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Re: [RFC PATCH] Allow grouping of thousands in format string
- X-seq: zsh-workers 34845
- From: Oliver Kiddle <okiddle@xxxxxxxxxxx>
- To: Øystein Walle <oystwa@xxxxxxxxx>
- Subject: Re: [RFC PATCH] Allow grouping of thousands in format string
- Date: Sat, 04 Apr 2015 13:11:11 +0200
- Cc: zsh-workers@xxxxxxx
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Øystein Walle wrote:
> Putting an apostrophe before i, d, u, f, F, g or G is specified in POSIX
> albeit noted as an extension to ISO C.
There's other printf features that were left out because they weren't
portable at the time. %a %A and %F formats, for example.
After looking around the ' flag is supported on any system I now have
access to, even Solaris 8. However, I can't see a mention of it in the
OpenBSD manpage: http://www.openbsd.org/cgi-bin/man.cgi/OpenBSD-current/man3/asprintf.3?query=printf&sec=3
Anyone have an OpenBSD system they can verify with? Even if it
doesn't support the flag, it'd be good to know if it is just ignored or
causes printf to fail. The flag is locale dependent anyway so being
ignored is quite reasonable for zsh's printf.
%a/A/F are in Solaris 10 which is a reasonable minimum to expect these
days. Otherwise, they need OpenBSD 4.5 though I've no idea how common
that still is. It'd be possible to test for them with autoconf but the
documentation would need to mention that they depend on the C library
> Bash handles this this and from what I can tell implements it much in the same
> way so that stuff like %'s is passed straight on to the system's printf().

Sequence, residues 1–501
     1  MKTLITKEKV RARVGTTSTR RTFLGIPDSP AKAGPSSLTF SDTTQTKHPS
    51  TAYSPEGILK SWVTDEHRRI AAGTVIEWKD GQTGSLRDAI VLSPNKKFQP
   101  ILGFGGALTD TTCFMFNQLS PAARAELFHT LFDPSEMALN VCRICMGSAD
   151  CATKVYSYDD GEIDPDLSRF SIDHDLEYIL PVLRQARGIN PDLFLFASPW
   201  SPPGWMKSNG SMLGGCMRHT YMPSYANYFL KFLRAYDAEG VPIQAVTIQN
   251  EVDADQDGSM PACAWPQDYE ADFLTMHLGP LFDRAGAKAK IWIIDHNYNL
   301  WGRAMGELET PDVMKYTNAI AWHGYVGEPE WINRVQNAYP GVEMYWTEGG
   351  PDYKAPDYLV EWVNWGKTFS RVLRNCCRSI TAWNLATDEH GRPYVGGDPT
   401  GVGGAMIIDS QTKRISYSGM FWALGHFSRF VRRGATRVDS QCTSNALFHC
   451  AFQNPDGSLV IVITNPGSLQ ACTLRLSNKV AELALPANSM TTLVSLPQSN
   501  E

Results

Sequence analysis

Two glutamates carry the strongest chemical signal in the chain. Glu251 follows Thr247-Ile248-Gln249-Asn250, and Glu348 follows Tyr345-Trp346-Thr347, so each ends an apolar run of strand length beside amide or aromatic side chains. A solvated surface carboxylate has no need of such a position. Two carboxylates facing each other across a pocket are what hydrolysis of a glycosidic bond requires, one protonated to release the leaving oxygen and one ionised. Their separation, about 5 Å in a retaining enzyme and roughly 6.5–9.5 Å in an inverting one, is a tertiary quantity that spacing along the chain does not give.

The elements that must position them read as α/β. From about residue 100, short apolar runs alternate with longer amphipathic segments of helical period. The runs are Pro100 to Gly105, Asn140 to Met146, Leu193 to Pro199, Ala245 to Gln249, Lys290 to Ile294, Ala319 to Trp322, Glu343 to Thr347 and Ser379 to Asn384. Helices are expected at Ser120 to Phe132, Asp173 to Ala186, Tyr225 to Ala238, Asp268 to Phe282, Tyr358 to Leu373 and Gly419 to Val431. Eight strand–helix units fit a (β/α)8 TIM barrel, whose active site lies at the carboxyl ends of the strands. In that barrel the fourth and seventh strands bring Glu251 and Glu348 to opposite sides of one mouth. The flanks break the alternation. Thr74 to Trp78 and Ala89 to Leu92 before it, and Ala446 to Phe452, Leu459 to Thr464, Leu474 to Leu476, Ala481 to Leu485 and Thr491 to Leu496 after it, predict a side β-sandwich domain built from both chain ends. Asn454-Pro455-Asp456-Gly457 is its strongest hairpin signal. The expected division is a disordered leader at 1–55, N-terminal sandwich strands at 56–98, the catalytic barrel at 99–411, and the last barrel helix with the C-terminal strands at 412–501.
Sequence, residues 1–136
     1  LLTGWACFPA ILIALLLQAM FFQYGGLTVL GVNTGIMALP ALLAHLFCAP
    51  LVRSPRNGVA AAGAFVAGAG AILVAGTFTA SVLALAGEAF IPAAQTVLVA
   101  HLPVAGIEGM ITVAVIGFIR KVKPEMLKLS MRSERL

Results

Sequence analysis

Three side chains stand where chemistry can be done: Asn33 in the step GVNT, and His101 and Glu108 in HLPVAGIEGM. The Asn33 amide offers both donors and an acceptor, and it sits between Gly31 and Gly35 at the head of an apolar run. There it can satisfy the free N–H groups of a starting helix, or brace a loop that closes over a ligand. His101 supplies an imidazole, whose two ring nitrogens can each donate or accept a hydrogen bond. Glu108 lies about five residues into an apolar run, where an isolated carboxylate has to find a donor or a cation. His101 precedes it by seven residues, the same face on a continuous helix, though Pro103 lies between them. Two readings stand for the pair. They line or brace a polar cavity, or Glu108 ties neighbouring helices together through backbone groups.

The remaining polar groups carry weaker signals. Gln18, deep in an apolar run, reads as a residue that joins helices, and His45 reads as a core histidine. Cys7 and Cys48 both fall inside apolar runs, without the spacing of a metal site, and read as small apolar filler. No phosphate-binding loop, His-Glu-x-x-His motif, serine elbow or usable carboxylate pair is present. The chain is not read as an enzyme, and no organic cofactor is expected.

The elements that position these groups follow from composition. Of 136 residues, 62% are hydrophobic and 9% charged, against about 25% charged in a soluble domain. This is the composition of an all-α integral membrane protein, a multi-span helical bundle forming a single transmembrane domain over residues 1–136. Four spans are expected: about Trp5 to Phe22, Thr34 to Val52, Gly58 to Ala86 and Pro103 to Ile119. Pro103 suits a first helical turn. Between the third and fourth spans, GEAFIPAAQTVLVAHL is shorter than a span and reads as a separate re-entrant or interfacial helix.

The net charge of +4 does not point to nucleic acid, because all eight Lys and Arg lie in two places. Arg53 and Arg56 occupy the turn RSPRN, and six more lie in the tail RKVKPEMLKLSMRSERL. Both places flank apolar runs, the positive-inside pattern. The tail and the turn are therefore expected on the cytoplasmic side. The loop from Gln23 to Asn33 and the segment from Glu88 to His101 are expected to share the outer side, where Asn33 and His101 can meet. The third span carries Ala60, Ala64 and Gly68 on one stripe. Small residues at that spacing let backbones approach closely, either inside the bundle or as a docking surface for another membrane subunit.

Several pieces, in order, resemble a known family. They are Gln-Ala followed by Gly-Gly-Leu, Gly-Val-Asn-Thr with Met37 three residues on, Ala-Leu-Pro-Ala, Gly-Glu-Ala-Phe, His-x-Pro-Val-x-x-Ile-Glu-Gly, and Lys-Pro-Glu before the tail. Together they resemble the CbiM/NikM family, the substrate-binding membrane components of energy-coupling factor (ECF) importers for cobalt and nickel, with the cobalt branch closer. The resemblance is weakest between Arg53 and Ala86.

> However POSIX also says that using the grouping specifier with other flags is
> undefined. It works just fine on the limited range of systems I've tested it on
> (all GNU).
Is it undefined with other "flags" or with non-numeric format
specifiers? It might be best to add a test case so we find out if the
behaviour is undesirable on some other system.
> If desired I could set a flag and then handle it further on by checking that
> type == 2 or type == 3 or something like that, but that needs some rearranging.
A flag is already set because it checks that flags aren't duplicated to
avoid overflowing the spec buffer. It wouldn't need much rearranging but
then it's not checking the type with other numeric only flags such as
+. For a more general implementation, the flags array could be replaced
by a single int and bit manipulation and it could set a bit mask for
compatible flags in the switch statement.
> int flags, *len;
> char *start, *endptr, *c, *d, *flag, *buf = NULL, spec, *fmt = NULL;
> - char **first, **argp, *curarg, *flagch = "0+- #", save = '\0', nullstr = '\0';
> + char **first, **argp, *curarg, *flagch = "'0+- #", save = '\0', nullstr = '\0';
I'm fairly sure that you'll also need to increment the size of the flags
and spec arrays too.
> - /* ignore any size modifier */
> - if (*c == 'l' || *c == 'L' || *c == 'h') c++;
> + /* ignore any size modifier and grouping specifier */
> + if (*c == 'l' || *c == 'L' || *c == 'h' || *c == '\'') c++;
I'm not convinced this part is right. Can you remember why you needed
it? The ' flag comes before width specifiers and size modifiers.
In, e.g. printf "%2\$10f\n" 1 2
the ' flag comes after the $ and not before the f.
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